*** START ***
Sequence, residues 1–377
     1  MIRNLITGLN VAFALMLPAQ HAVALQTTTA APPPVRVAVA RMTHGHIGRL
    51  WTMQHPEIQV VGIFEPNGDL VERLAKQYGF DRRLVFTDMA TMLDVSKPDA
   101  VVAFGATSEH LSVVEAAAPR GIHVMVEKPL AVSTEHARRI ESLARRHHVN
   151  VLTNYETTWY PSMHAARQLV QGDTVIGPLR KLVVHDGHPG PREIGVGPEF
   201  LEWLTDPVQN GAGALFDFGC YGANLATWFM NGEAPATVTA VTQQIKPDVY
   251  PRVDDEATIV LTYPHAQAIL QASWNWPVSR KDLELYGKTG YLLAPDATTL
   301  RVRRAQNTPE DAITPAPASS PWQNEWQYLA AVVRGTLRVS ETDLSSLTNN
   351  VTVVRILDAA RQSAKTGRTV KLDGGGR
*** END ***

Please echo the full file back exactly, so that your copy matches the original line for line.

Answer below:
Sequence, residues 1–377
     1  MIRNLITGLN VAFALMLPAQ HAVALQTTTA APPPVRVAVA RMTHGHIGRL
    51  WTMQHPEIQV VGIFEPNGDL VERLAKQYGF DRRLVFTDMA TMLDVSKPDA
   101  VVAFGATSEH LSVVEAAAPR GIHVMVEKPL AVSTEHARRI ESLARRHHVN
   151  VLTNYETTWY PSMHAARQLV QGDTVIGPLR KLVVHDGHPG PREIGVGPEF
   201  LEWLTDPVQN GAGALFDFGC YGANLATWFM NGEAPATVTA VTQQIKPDVY
   251  PRVDDEATIV LTYPHAQAIL QASWNWPVSR KDLELYGKTG YLLAPDATTL
   301  RVRRAQNTPE DAITPAPASS PWQNEWQYLA AVVRGTLRVS ETDLSSLTNN
   351  VTVVRILDAA RQSAKTGRTV KLDGGGR